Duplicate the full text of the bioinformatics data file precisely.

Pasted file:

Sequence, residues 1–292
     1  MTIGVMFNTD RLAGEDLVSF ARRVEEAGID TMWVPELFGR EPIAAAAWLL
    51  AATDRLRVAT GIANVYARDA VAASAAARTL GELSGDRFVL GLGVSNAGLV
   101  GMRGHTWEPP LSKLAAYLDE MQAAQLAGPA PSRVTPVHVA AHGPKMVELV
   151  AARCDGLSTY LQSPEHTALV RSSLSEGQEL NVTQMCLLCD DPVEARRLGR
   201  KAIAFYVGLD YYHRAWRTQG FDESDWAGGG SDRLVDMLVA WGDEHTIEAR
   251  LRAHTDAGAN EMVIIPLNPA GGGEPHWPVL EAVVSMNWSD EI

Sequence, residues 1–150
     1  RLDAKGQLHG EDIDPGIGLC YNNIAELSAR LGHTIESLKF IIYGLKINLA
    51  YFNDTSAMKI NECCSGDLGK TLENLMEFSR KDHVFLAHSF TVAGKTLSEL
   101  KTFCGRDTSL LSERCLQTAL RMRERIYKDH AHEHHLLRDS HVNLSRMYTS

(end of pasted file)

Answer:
Sequence, residues 1–292
     1  MTIGVMFNTD RLAGEDLVSF ARRVEEAGID TMWVPELFGR EPIAAAAWLL
    51  AATDRLRVAT GIANVYARDA VAASAAARTL GELSGDRFVL GLGVSNAGLV
   101  GMRGHTWEPP LSKLAAYLDE MQAAQLAGPA PSRVTPVHVA AHGPKMVELV
   151  AARCDGLSTY LQSPEHTALV RSSLSEGQEL NVTQMCLLCD DPVEARRLGR
   201  KAIAFYVGLD YYHRAWRTQG FDESDWAGGG SDRLVDMLVA WGDEHTIEAR
   251  LRAHTDAGAN EMVIIPLNPA GGGEPHWPVL EAVVSMNWSD EI

Sequence, residues 1–150
     1  RLDAKGQLHG EDIDPGIGLC YNNIAELSAR LGHTIESLKF IIYGLKINLA
    51  YFNDTSAMKI NECCSGDLGK TLENLMEFSR KDHVFLAHSF TVAGKTLSEL
   101  KTFCGRDTSL LSERCLQTAL RMRERIYKDH AHEHHLLRDS HVNLSRMYTS